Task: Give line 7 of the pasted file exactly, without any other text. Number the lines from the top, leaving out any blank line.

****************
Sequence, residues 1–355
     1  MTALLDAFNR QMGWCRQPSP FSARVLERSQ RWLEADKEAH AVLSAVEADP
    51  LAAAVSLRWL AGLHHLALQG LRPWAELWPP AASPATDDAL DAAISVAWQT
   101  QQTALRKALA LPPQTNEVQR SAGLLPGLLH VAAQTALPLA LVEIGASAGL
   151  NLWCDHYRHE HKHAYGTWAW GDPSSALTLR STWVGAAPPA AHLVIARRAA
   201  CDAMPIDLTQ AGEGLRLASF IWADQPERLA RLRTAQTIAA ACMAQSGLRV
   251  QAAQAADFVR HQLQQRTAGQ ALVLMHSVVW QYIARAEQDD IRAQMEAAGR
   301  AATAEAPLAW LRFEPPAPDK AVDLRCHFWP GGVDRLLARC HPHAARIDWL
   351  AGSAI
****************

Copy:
   251  QAAQAADFVR HQLQQRTAGQ ALVLMHSVVW QYIARAEQDD IRAQMEAAGR